What is a watering hole attack, and how does it work?

Anton P. | January 3, 2023

Watering hole attack infects a legitimate website or service their targets use. It exploits flaws both in the exploited websites and main targets’ systems. 

The term watering hole attack comes from the idea of infecting a water source that attracts the potential prey. 

Furthermore, the attack rejects the need to trick someone, like deceiving victims into clicking on malicious links. Instead, it relies on the natural flow of website visitors that unknowingly compromise their systems. 

Understanding the watering hole attacks 

Watering hole attacks figure out which services or websites targeted groups engage or use regularly. Then, the perpetrators embed malicious software or components into the compromised website. 

Building on this definition, it resembles a broader term known as supply chain attacks. These hacks also target their victims indirectly, likely through partners or software providers. 

However, the attack cannot operate without exploiting software flaws on victims’ systems. Frequently, hackers will use a chain of vulnerabilities to launch targeted attacks. 

Commonly, watering hole attacks are possible due to zero-day flaws, unreported bugs in software. 

How common watering hole attacks are in the wild 

Multiple threat analysis researchers have reported watering hole attacks in the last few years. The most recent website infected with malware distributed ScanBox, acting as a keylogger

So, the watering hole attack is a threat, but its secretive operation might make it difficult to detect. Thus, more unknown campaigns could exploit compromised websites to gain access to targets’ devices. 

How the watering hole attack works 

It is possible to break down the watering hole attack into several steps: 

  1. Hackers find their target victims, likely general groups or organizations. For instance, an attack might aim to compromise users for certain backgrounds or locations.
  2. Perpetrators find a website that the targeted users or companies visit regularly. Then, they aim to find flaws and bugs on the website. 
  3. Thanks to detected vulnerabilities, attackers can infect the website with malicious software. 
  4. Remember that website owners are unlikely to know about the dangerous additions. 
  5. The malware secretly compromises victims’s devices, likely exploiting outdated operating systems or software like browsers.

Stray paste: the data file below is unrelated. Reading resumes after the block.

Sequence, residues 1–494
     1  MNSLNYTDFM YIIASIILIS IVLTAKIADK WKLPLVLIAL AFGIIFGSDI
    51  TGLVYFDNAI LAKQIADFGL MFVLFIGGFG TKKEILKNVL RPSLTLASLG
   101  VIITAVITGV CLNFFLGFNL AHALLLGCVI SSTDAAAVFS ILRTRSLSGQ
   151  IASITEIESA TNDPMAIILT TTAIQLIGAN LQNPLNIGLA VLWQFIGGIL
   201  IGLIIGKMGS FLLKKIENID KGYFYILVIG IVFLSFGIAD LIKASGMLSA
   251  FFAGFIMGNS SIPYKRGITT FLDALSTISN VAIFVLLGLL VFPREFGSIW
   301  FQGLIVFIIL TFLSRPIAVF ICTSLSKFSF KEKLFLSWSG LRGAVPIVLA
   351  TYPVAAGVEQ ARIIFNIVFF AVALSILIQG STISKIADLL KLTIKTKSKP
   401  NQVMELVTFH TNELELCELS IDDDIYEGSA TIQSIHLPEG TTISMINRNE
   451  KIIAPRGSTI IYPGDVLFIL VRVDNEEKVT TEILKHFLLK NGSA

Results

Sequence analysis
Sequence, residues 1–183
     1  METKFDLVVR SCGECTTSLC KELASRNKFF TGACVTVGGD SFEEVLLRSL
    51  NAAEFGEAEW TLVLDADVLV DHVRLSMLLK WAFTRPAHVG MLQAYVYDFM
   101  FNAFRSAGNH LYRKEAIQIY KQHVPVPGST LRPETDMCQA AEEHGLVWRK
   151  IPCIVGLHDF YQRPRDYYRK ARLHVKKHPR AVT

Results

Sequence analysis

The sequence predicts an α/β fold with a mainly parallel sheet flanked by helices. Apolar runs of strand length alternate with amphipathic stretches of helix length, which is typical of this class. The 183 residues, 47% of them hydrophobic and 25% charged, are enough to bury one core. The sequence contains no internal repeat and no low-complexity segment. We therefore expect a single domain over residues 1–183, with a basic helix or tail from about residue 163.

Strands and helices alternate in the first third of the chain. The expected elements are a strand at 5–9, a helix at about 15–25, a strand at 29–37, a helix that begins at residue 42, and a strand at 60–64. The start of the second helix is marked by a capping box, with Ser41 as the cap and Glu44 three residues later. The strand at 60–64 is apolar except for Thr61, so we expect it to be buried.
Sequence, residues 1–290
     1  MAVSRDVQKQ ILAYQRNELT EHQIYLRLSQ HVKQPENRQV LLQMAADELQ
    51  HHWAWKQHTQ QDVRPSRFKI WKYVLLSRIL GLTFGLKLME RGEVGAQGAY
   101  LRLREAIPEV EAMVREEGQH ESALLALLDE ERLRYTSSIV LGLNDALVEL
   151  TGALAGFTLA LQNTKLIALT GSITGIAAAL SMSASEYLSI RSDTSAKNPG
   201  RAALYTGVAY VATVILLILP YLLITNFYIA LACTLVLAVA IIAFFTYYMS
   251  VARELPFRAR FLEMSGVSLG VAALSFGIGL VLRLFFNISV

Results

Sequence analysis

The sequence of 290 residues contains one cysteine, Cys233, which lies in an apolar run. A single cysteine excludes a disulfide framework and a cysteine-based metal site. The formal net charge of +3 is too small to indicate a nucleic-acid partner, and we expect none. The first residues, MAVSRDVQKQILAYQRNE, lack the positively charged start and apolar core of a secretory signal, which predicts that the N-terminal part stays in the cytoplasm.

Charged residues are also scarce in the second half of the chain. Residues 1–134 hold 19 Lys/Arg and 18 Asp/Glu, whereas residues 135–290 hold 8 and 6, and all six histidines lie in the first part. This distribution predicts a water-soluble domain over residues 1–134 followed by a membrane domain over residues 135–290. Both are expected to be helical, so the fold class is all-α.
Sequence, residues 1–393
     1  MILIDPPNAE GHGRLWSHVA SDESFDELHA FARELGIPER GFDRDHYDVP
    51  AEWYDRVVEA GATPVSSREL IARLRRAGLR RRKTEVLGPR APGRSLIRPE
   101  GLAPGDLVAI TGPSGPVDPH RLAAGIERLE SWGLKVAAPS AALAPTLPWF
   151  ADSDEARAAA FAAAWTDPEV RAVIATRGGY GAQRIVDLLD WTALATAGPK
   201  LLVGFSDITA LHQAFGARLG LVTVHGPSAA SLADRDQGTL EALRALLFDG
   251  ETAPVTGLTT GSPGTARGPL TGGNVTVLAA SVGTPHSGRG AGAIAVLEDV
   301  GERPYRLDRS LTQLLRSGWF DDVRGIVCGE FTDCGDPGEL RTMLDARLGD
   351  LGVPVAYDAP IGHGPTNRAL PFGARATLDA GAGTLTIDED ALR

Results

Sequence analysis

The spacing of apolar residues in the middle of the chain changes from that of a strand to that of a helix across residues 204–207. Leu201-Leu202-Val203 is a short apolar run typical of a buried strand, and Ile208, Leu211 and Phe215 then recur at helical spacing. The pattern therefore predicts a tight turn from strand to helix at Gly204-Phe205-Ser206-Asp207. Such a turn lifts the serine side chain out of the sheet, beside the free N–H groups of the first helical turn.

6. The main goal of the watering hole attack differs, but it could install backdoors and keyloggers. A previous incident targeting citizens of Hong Kong allowed hackers to gain access and record audio, capture screen, and download files. 

A probable reason for the popularity of a watering hole attack is its covert operation and difficult detection. Therefore, malicious campaigns could last for months or even years. 

Who can become targets of watering hole attacks 

As mentioned, the first stage of a watering hole attack refers to preparation. These hacks can aim at compromising a country, organization, or group. The usual flow of the operation passes similar stages: 

  1. Attackers need to observe their targets’ behavior online. It can be a website or a service that the targeted group visits. 
  2. Perpetrators choose the regularly visited website as the watering hole and poisons its resources. 
  3. Usually, a watering hole attack targeting particular groups aims at entities that are difficult to compromise directly. Attackers chose the indirect approach when exploiting the Montreal-based International Civil Aviation Organization to infect the United Nations network. 

Opportunistic watering hole attacks can be random, without identifying particular targets. For instance, a popular shop for ecommerce could be the website to compromise if it contains exploitable flaws. 

However, the attackers won’t have a clear idea for who their intended target is. 

Reported watering hole attacks

In 2022, a watering hole attack has targeted users and organizations on multiple occasions. A fake yet fully functional Google Translate app for Windows exploited software distribution sites. The attack aimed at distributing a crypto-mining infection. 

A more unique watering hole technique emerged when a flawed WordPress-run site pushed fake Chrome updates. 

Preventing watering hole attacks 

To avoid watering hole attacks, following the common cybersecurity tips might not be enough. Differently from social engineering, this threat might not require users’ conscious interaction. Instead, it might be enough to visit a compromised website. 

However, some techniques can make your device more resistant to a sneaky watering hole attack: 

  • Updating operating systems and software is key to combating watering hole attacks. If your devices run the latest versions, hackers will not exploit previously patched flaws. 
  • Install antivirus software that can detect malware based on particular suspicious behavior. 
  • Cloud browsers could become a way to combat many web threats, including phishing, redirects, fake ads, or drive-by downloads.  

Short recap of the watering hole attack

A watering hole attack is an indirect attempt to gain access to victims’ systems through websites they visit. Usually, it does not target a particular individual or organization, but groups of targets based on their position, interests, or location. 

Preventing watering hole attacks boils down to how frequently victims update their devices and systems. If operating systems and software gets patches regularly, it closes many cybersecurity gaps. However, owners of legitimate websites should also explore options for preventing watering hole malware campaigns.

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